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Title: Traces of exotic physics in cosmology
Author: Wills, Danielle Elizabeth Stanbr
ISNI:       0000 0004 4692 2449
Awarding Body: Durham University
Current Institution: Durham University
Date of Award: 2015
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In recent years it has become increasingly clear that our universe is far more intricate than we might ever have imagined. While theoretical formulations of the fundamental aspects of Nature have, for many years, hinted at its vast and elusive complexity, suggesting that our known world is but a tiny facet of the greater reality in which it is embedded, it has only been within the last several decades that observations have really begun to confirm this. Indeed, while deep-field surveys of the universe have uncovered myriads of galaxies, constituting an untold number of gravitationally bound microcosms such as ours, precision cosmological measurements have revealed that all of this luminous baryonic matter is a near negligible fraction of the total energy and matter in the universe. The vast majority of our cosmos is a dark universe, comprised of some kind of invisible substances or dark fluids that only interact gravitationally with visible matter. Even among the objects that are visible to us, there are many mysterious entities which are predicted by theory and which may or may not as yet have been glimpsed in the cosmos. In the first part of this thesis we will study the interactions between two such entities, namely cosmic strings and rotating black holes. In the latter part, we will turn to the invisible sector and explore whether or not the dark phenomena in the universe could in fact be the shadows of fundamental objects moving in higher dimensions beyond our own.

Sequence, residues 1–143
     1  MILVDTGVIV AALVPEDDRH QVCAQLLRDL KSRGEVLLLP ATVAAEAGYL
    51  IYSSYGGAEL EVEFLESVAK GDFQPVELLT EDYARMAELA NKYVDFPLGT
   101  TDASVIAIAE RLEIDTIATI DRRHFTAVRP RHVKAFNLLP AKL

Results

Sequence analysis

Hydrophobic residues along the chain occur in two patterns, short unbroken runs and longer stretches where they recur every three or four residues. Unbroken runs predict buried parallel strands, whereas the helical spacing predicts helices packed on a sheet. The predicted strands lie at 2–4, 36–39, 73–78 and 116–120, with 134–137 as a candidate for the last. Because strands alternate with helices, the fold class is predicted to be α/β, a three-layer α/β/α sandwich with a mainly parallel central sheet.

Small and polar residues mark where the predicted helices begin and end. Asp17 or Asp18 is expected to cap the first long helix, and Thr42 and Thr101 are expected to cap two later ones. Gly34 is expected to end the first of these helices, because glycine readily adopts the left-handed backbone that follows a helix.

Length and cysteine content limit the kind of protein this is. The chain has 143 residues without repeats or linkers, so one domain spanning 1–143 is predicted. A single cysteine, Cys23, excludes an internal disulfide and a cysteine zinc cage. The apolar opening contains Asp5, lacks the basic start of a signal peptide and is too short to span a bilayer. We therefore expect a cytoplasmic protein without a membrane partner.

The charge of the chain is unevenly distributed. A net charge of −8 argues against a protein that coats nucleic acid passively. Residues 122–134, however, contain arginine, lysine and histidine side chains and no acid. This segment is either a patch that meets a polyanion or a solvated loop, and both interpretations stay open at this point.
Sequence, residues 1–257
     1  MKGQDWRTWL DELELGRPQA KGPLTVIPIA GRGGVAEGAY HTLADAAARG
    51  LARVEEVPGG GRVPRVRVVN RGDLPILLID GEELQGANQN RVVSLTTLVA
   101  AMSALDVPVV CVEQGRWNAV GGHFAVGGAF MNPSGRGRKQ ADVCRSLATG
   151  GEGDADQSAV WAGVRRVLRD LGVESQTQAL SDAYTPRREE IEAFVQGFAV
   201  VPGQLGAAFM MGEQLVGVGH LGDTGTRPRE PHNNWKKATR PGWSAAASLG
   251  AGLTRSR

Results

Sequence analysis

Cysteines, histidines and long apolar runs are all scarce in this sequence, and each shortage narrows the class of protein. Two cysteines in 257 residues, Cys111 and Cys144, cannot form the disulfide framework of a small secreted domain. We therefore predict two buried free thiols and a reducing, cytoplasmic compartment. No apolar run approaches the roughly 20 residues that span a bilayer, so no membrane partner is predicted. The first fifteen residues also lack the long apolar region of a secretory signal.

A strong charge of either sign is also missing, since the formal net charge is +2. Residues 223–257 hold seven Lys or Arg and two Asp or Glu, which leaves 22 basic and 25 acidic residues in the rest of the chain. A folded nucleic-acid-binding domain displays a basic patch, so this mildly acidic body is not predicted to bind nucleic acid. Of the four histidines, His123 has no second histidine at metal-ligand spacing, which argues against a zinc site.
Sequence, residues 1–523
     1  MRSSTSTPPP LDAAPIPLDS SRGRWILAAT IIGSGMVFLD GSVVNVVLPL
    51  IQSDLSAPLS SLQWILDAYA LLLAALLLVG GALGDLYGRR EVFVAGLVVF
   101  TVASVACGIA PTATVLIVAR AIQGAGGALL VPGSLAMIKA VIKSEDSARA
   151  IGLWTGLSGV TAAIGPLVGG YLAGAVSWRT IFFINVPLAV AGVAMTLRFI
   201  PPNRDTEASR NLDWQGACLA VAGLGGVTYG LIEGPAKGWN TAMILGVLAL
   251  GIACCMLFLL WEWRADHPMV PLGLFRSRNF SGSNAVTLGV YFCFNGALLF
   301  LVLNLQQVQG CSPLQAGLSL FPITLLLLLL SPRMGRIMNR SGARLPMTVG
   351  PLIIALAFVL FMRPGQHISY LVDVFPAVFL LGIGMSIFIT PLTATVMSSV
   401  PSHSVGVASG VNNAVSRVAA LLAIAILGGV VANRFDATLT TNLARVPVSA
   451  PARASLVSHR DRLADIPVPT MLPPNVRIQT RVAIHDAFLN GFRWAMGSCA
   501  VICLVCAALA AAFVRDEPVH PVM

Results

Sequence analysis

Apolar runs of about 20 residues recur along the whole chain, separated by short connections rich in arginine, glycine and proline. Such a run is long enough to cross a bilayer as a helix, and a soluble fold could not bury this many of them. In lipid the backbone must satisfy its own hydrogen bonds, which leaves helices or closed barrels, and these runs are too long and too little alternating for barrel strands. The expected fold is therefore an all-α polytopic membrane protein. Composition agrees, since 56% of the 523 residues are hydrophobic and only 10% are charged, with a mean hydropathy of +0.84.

Supervisor: Not available Sponsor: Science and Technology Facilities Council
Qualification Name: Thesis (Ph.D.) Qualification Level: Doctoral
EThOS ID:  DOI: Not available